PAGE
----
Manage Compliance and Risk with Confidence and Ease
To help organize their risk management, protect data and implement information security programs, institutions need an automated solution to streamline identifying, managing and monitoring their risk assessments and mitigation workflows.
ZenGRC is an IT risk Management system for educational institutions that helps prioritize the most severe risks so that compliance and risk team members know what should be done first and how to do it.
With compliance and security frameworks built-in and maintained by experts along with suggested risk and threat scores and real-time connections between control assessments and risk scoring, you get a unified, real-time view of risk and compliance and significant efficiency gains so that you can stay ahead of threats, reduce risk and strengthen compliance. The end result is better protection for valuable students, faculty and staff data and information.
Educational institutions must use multiple frameworks to address security compliance and data privacy obligations.
For example, colleges can use the Federal Financial Institutions Examination Council (FFIEC) Cybersecurity Assessment Tool to help map security controls to privacy rules for personal data.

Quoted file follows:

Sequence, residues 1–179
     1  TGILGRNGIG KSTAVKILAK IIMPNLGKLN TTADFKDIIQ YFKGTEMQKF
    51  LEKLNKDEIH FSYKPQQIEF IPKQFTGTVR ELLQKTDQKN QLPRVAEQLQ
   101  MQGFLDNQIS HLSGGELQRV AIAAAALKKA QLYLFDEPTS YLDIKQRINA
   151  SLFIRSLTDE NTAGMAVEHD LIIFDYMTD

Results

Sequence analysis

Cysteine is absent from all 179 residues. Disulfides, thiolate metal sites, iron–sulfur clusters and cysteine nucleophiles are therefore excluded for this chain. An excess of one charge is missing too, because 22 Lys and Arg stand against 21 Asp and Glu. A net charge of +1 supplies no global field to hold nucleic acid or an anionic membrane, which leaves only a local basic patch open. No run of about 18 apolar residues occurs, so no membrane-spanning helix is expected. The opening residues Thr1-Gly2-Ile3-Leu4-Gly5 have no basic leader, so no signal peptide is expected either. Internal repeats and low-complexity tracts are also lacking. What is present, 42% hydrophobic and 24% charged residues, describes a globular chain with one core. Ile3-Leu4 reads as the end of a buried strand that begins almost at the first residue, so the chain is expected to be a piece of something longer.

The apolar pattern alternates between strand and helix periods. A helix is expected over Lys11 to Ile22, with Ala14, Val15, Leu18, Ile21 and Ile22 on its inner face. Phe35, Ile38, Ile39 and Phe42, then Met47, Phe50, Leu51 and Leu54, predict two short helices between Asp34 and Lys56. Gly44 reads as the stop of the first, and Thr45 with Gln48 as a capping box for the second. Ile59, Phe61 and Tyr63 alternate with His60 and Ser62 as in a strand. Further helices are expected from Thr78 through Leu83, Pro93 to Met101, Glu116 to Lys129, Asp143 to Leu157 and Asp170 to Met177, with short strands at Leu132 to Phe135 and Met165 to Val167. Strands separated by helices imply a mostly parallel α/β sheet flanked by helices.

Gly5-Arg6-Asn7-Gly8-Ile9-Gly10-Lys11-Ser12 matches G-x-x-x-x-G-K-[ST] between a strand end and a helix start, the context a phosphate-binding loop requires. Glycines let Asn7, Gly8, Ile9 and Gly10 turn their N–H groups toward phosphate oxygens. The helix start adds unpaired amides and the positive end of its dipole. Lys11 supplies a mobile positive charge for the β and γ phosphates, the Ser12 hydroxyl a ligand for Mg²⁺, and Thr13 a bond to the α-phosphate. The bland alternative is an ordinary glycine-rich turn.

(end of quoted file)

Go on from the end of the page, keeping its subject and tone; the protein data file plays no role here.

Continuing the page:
Colleges can also use the Institutions of Higher Education Compliance Framework to assess and manage security related to federal financial aid.
The bottom line is that while these frameworks are extremely helpful, they can quickly get too cumbersome to manage manually. That’s where ZenGRC can help, empowering you with the guidance and automated workflows needed to:
- Assess the starting security posture of your information systems and any third parties you use
- Establish corrective steps that might be necessary and assign them to control owners
- Identify security gaps you must fill to meet regulatory requirements
- Monitor whether those fixes are on schedule
- Conduct any new risk assessments that might be necessary as new regulations emerge
Frequently Asked Questions